Strawberry and Cream Sponge Cake

Strawberry and cream sponge cake recipe

The Spruce / Diana Chistruga 

Prep: 15 mins
Cook: 25 mins
Total: 40 mins
Servings: 6 servings
Yield: 1 cake
Nutrition Facts (per serving)
684 Calories
42g Fat
70g Carbs
8g Protein
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Nutrition Facts
Servings: 6
Amount per serving
Calories 684
% Daily Value*
Total Fat 42g 54%
Saturated Fat 21g 104%
Cholesterol 173mg 58%
Sodium 781mg 34%
Total Carbohydrate 70g 26%
Dietary Fiber 2g 6%
Total Sugars 41g
Protein 8g
Vitamin C 22mg 112%
Calcium 266mg 20%
Iron 3mg 14%
Potassium 180mg 4%
*The % Daily Value (DV) tells you how much a nutrient in a food serving contributes to a daily diet. 2,000 calories a day is used for general nutrition advice.
(Nutrition information is calculated using an ingredient database and should be considered an estimate.)

Cake baking is an institution of British and Irish food. Nothing celebrates this tradition better than a sponge cake. One filled to the brim with summer strawberries and freshly whipped cream is summer on a plate and particularly popular around Wimbledon.

This strawberry and cream sponge cake is essentially a Victoria sponge cake but rather than a filling of jam, fresh fruits are used. It's utterly delicious and making a Victoria sponge cake is not as daunting as most people think. Simply follow a few simple sponge cake making tips outlined below and watch your cake rise as light as a feather.

Ingredients

  • 3 large eggs, room temperature

  • 8 ounces granulated sugar

  • 8 ounces self-rising flour

  • 2 teaspoons baking powder

  • 4 ounces (8 tablespoons) unsalted butter, room temperature

  • 3 ounces margarine

  • 8 ounces fresh strawberries, washed, hulled, and thickly sliced

  • 7 ounces whipping cream, whipped to firm peaks

  • 1 cup unsifted confectioners' sugar, optional

Steps to Make It

  1. Gather the ingredients. Preheat the oven to 350 F.

    Ingredients strawberry and cream sponge cake recipe
    The Spruce / Diana Chistruga 
  2. Lightly grease two 8-inch (20-centimeter) round cake pans. Line the bottom of each pan with parchment paper and lightly grease.

    Butter pan
    The Spruce / Diana Chistruga 
  3. Using a stand mixer, or electric hand mixer, mix the eggs, sugar, flour, baking powder, and the softened butter and margarine until completely combined. The mixture should be a soft consistency. If you don't have an electric mixer you can use a wooden spoon.

    Butter cream
    The Spruce / Diana Chistruga 
  4. Divide the cake batter evenly between the two cake tins—you may weigh them to make sure they are the same, but this is not essential. Lightly smooth the surface of the cake.

    Cake batter in cake tins
    The Spruce / Diana Chistruga 
  5. Pop them onto the middle shelf of the preheated oven and cook for 25 minutes or until the cakes are well risen and golden brown on the surface. If the cakes are browning too quickly lower the temperature just slightly but do not be tempted to open the door.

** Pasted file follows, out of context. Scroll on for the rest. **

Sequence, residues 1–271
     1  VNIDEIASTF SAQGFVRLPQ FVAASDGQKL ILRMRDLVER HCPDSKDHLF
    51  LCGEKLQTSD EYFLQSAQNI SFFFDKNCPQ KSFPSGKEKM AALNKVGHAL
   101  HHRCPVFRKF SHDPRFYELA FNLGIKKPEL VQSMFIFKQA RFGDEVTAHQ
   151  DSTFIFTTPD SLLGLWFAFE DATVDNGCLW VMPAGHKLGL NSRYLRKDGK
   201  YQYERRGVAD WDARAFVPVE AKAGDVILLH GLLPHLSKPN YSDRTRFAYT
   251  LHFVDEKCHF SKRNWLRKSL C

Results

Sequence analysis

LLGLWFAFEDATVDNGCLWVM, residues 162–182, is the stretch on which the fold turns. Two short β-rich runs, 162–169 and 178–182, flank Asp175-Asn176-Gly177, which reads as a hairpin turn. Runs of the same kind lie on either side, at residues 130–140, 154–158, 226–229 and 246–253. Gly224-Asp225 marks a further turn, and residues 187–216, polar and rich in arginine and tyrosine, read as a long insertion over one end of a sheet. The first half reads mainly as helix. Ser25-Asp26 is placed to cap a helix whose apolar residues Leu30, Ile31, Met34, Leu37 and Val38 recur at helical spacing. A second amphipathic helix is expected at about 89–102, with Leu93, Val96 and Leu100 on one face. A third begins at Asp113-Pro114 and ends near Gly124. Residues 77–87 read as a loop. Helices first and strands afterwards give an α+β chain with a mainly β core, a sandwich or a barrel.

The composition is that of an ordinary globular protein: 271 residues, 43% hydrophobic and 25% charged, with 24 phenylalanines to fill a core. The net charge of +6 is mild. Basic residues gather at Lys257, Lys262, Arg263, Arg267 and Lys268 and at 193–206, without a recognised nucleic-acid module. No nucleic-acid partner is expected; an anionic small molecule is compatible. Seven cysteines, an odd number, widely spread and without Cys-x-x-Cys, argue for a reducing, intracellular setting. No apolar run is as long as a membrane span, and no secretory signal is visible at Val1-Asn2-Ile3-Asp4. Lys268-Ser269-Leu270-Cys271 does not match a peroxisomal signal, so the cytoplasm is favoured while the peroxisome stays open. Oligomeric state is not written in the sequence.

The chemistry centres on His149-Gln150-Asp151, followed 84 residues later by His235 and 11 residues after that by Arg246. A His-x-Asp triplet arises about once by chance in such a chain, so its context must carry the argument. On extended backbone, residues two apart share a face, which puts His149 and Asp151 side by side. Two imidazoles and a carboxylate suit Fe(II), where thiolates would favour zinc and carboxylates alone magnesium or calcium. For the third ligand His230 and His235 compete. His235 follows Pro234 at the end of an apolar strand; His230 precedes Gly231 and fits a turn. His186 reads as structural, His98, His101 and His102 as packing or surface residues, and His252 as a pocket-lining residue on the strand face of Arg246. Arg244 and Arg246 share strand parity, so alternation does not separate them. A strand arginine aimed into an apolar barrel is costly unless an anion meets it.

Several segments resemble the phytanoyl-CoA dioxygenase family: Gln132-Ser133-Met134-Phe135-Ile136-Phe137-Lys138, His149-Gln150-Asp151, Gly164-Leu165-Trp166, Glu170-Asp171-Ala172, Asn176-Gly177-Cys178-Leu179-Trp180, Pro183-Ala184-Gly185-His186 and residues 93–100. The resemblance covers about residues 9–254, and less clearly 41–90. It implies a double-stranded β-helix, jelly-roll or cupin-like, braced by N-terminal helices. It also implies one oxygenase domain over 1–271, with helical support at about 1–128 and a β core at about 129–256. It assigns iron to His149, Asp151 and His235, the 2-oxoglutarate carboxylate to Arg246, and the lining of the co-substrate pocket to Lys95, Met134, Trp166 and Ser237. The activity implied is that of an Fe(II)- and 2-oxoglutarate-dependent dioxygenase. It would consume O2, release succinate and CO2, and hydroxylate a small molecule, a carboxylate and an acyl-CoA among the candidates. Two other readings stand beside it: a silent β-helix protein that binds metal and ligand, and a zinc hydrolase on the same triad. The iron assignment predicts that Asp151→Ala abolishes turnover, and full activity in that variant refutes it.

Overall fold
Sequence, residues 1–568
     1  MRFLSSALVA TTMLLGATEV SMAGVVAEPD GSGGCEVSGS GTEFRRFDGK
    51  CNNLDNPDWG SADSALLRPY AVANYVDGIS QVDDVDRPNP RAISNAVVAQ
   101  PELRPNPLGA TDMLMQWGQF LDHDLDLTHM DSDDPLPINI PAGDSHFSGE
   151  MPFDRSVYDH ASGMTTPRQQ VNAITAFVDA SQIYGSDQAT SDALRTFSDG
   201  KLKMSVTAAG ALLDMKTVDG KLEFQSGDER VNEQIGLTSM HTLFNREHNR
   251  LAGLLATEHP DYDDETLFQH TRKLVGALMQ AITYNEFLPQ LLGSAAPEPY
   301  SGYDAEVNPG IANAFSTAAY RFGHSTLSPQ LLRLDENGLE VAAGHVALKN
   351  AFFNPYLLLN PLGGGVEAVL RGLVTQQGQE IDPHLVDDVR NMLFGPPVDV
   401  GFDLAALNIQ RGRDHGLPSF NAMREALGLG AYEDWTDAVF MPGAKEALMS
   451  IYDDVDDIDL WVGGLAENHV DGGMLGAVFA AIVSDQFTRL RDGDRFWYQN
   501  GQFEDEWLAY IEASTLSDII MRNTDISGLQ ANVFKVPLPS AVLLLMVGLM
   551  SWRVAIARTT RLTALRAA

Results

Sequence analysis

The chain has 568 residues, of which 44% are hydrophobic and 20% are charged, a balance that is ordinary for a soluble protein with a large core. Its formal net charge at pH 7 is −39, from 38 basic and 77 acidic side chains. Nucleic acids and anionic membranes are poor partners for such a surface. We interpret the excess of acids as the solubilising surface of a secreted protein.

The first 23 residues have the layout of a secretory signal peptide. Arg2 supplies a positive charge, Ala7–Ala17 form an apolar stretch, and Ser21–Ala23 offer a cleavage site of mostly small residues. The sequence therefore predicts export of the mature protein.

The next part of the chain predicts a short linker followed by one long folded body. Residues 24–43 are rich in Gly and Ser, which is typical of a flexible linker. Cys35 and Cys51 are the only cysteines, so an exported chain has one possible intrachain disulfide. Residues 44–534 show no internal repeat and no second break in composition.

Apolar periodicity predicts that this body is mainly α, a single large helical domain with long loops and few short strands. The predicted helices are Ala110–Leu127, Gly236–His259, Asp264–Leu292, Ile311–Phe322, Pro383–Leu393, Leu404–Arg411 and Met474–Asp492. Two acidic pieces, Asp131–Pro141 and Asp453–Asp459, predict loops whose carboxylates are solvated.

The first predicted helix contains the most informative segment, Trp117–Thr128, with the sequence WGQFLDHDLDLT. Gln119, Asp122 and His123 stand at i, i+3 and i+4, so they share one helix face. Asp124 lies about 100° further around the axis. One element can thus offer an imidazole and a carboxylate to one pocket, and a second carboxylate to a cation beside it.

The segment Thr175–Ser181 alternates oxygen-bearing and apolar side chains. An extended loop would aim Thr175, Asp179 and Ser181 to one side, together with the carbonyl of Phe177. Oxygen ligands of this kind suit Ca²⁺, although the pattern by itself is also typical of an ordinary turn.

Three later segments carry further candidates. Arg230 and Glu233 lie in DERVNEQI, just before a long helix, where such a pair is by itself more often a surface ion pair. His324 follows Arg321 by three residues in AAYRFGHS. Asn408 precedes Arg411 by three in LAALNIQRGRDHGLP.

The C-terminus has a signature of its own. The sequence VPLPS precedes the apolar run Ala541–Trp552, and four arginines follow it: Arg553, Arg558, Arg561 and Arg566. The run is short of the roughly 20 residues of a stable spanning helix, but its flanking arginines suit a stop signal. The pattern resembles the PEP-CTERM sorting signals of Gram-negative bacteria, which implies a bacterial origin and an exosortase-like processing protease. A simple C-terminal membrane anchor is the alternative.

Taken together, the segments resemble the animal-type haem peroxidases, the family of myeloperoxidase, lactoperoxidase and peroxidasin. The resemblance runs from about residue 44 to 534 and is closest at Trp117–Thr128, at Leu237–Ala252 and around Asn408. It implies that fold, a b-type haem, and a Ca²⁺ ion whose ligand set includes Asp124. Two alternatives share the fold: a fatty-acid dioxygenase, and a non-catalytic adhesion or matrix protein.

6. Once they are risen and brown, you can open the door to check, gently press the center of the cake; it should spring back quickly. Remove the cakes from the oven and place on a cooling rack for 5 minutes. After the 5 minutes, the cakes should be shrinking away from the sides of the cake tins.

    Bake cake
    The Spruce / Diana Chistruga 
  7. Carefully remove the cakes from the tins and leave to cool completely on the cooling rack.

    Let cool
    The Spruce / Diana Chistruga  
  8. Once cooled, place one cake cooked-side down onto a plate. Cover with half the sliced strawberries, followed by a thick layer of whipped cream.

    Whipped cream on cake
    The Spruce / Diana Chistruga 
  9. Top with the second cake, and finish with remaining strawberries and whipped cream. Finish with a dusting of powdered sugar, if desired.

    Strawberries on cake
    The Spruce / Diana Chistruga 

Tip

  • Do not use frozen fruits; they will not support the cake and will make it soggy.
  • If you don't have it, make your own self-rising flour with all-purpose flour, baking powder, and salt.
  • This cake deserves freshly whipped cream, so skip the whipped topping. For best results, make it while the cake bakes or cools. It can be held for 24 hours, though you'll want to use stabilized whipped cream when making it any further in advance than that.
  • To dredge the cake, place the powdered sugar (also called confectioners' or icing sugar) in a fine sieve and shake it over the cake.

Recipe Variations

  • You can change the filling of the sponge cake to make the most of any seasonal soft fruits, such as fresh raspberries.
  • If you don't have fresh fruits, use a good thick layer of fruit jam.

What's the Difference Between Victoria Sponge and Sponge Cake?

Both types of cake are designed to be light, fluffy, and moist, though the recipes typically take a different approach. For a sponge cake, air is whipped into the eggs; the foamier they are, the more rise you'll get in the final cake. Named after Queen Victoria, Victoria sponge recipes don't require that step and rely instead on baking powder (sometimes baking soda). This significantly cuts down on the amount of prep time involved.

What's the Secret to the Baking the Best Sponge Cake?

A few factors play a significant role in creating the best sponge cake possible. The majority of those have to do with proper preparation. Timing is of the essence because as soon as baking powder is mixed with wet ingredients, it begins the chemical reaction that causes the cake to rise. Preheat the oven, prepare your pans and oven racks and gather everything you need before starting. Another secret is to ensure your eggs and butter are at room temperature. To avoid overmixing, the butter should be very soft but not so much that it loses shape. When everything comes together just right, you'll have a moist, fluffy sponge that's lighter than the average yellow cake.